Survey: Germany divided over Merkel’s migrant policy changes
“We can do it,” German Chancellor Angela Merkel said a year ago. Was she right – or has Germany gone too far by admitting well over one million migrants? DW commissioned an opinion poll to find out.
They are images full of symbolism: Men, women and children, many from Syria, Afghanistan and Iraq, marching north in a never-ending stream along the so-called “Balkan route.”
Hundreds of thousands of migrants arrived in Germany, beginning in the summer of 2015. “We can do it,” Chancellor Angela Merkel said in Berlin on August 31. It is a phrase that has guided her open-door migration policy.
Has the policy changed Germany and if so, how? DW commissioned the Infratest Dimap polling institute to ask citizens what they think. The representative poll sought the opinions of approximately 1,000 registered German voters during the period from August 15 to 17.
Participants were given four statements on the possible outcome of the migration policy and asked if they tended to agree or disagree with the statements.
Education and social issues
The costs associated with supporting the migrants are estimated as a minimum of 15 billion euros ($17 billion) per year. Those who arrive first have to be housed and fed. Integration is only possible if people learn German and are educated. Teachers are needed for this, as well as for the education and care of children in daycare and schools.
Will this overtax the German education and social system? Yes, said a slim majority of those surveyed.
An overloaded education and social system is a fear held in particular by the supporters of the populist “Alternative for Germany” (AfD) party. Only 15 out of 100 AfD supporters who participated in the survey did not agree with this statement.
Someone able to speak German, who is educated and able-bodied, should have a good chance of finding a position in the German job market. Germany is facing an enormous demographic challenge. People are aging and leaving the workforce without a large enough younger generation to follow them. This is felt, in particular, by companies.
For every 100 unemployed people there are about 200 open positions for skilled personnel. Can the migrants and refugees fill this gap?
The answer is not quite so simple. In Germany, the fields of mechanical engineering, the automobile industry and electrical engineering account for 20 percent of the country’s economic output. These industries, however, have no such tradition in the migrants’ countries of origin. For this reason they almost completelylack the needed qualifications. Despite this, a narrow majority of the survey participants are of the opinion that migrant workers will strengthen the German economy.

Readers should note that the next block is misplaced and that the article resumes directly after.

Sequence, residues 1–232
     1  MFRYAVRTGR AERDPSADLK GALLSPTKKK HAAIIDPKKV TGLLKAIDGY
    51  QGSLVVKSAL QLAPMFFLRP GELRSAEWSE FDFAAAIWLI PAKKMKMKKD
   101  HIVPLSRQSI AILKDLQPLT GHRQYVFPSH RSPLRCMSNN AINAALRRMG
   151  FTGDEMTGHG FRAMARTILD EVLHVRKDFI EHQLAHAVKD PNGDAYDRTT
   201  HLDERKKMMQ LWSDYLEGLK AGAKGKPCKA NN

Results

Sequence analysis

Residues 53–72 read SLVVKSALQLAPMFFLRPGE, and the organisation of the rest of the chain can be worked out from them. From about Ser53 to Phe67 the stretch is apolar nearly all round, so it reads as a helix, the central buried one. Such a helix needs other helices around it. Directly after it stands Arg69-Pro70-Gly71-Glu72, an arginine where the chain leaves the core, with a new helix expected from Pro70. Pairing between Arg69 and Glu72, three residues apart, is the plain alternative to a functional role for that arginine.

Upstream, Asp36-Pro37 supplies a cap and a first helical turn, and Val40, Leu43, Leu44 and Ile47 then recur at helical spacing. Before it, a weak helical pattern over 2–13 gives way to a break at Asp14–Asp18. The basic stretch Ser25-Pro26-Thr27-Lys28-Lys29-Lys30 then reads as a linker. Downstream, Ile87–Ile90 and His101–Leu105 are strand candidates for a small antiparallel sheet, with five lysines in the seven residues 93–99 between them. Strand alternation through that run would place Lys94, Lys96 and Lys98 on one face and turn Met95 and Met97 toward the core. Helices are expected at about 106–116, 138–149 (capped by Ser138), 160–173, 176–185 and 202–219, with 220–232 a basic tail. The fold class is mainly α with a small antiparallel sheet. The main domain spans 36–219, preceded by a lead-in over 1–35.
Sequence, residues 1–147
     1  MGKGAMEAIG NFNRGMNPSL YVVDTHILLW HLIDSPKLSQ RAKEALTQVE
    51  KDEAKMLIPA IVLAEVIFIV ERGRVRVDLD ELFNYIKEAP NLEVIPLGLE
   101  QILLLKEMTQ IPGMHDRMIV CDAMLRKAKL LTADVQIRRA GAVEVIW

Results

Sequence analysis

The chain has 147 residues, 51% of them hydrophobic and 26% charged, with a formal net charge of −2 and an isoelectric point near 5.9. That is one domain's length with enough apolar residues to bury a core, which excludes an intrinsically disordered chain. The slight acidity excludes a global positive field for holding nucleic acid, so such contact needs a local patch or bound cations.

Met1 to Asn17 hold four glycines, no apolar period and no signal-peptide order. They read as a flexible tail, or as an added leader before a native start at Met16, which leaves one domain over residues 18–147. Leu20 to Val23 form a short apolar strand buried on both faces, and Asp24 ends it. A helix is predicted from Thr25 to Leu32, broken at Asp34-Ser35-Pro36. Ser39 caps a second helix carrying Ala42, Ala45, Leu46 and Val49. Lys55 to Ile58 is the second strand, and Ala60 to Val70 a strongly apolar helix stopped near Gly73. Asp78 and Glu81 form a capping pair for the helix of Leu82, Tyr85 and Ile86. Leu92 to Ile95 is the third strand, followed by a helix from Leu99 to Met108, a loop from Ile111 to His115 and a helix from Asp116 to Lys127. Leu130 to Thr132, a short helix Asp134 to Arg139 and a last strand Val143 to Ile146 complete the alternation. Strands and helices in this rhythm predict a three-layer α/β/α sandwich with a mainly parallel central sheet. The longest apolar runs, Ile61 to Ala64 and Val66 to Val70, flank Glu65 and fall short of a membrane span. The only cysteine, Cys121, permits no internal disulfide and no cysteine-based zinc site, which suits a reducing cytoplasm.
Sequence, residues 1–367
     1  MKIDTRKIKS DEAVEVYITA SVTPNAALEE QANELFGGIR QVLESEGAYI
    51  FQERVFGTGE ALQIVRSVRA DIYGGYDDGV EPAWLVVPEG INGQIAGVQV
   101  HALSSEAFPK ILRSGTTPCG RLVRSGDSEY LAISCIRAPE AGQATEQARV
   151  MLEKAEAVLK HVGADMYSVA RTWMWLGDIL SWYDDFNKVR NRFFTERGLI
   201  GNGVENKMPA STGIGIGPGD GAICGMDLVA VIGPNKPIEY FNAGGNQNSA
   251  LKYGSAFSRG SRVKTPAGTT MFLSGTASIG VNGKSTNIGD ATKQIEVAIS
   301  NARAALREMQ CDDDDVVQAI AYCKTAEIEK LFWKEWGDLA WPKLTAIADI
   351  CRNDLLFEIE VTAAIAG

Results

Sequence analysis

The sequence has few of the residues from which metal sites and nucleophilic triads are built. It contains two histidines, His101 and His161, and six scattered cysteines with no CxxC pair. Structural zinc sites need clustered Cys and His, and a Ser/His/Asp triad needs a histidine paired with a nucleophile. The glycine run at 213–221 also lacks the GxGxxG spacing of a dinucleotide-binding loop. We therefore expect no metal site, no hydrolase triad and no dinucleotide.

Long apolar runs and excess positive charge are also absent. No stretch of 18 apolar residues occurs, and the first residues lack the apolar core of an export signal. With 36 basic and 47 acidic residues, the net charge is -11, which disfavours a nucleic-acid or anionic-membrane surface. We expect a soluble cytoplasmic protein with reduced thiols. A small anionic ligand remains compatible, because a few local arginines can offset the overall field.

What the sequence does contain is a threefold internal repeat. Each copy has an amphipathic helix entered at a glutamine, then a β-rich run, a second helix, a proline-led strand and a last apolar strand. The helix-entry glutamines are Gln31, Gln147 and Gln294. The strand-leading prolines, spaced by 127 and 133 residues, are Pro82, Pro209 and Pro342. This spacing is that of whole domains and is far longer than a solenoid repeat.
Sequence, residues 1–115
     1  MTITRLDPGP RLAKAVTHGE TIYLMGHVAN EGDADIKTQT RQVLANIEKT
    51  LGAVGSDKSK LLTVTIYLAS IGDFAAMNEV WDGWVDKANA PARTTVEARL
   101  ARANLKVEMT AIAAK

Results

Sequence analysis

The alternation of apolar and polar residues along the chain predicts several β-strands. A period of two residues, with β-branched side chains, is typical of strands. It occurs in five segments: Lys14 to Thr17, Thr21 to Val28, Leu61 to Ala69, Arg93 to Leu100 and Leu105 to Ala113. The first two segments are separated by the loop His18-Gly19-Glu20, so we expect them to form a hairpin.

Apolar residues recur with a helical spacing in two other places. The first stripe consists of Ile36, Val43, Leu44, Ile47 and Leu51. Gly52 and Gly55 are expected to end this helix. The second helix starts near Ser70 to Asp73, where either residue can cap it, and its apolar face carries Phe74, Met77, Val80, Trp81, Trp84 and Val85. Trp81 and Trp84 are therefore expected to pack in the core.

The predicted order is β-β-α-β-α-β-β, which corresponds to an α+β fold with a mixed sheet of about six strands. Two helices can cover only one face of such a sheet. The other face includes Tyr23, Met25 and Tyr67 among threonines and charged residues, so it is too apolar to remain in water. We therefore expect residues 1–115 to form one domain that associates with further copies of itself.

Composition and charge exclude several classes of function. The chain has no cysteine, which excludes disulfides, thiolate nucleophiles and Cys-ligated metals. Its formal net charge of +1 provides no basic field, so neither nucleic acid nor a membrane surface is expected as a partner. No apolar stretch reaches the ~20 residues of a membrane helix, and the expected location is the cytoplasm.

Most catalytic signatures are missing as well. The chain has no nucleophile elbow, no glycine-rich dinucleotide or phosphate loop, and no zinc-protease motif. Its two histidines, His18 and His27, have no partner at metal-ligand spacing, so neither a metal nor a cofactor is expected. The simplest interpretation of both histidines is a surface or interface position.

As with the question regarding the education and social system, AfD supporters can see no benefit to the job market due to the arrival of migrants. Nine out of 10 AfD survey participants held this view. But quite independently of political preference, it is young Germans and those with higher educational qualifications or higher income who hold the opinion that the refugees will strengthen the German economy. Those who are over 50 and people with only basic school qualifications tend not to agree.
Germany becoming less German?
The arrival in refugees will not only have consequences for the economy, but also for society in general. Germany is already home to many people with foreign roots, especially in the major cities. This is likely to increase in the future. What do Germans think of this development?
Here, too, political affiliation plays a secondary role, with young and highly educated Germans most likely to welcome a “multicultural” society. They also tend most strongly to reject a connection between Merkel’s migration policy and the increase in terror attacks. Meanwhile, older and less educated the survey participants tend to hold the opinion that Germany will have to face more terror attacks in the future.
More Islamist terror ahead?
But political affiliation is decisive in regards to this question about terrorism. Only 7 percent of AfD supporters were of the opinion that there will not be more terror attacks in Germany in the future.
The result of the survey shows that Germans have range of views on Merkel’s migration policy. The strengths and weaknesses are evenly balanced.
What stands out are the supporters of the Greens and the AfD. The overwhelming majority of the right-wing party’s supporters hold the opinion that the government’s migration policy will have, without exception, a negative impact on Germany. On the other hand about three-quarters of the Greens’ supporters hold the view that the country will rise to the challenge and profit from the influx of refugees.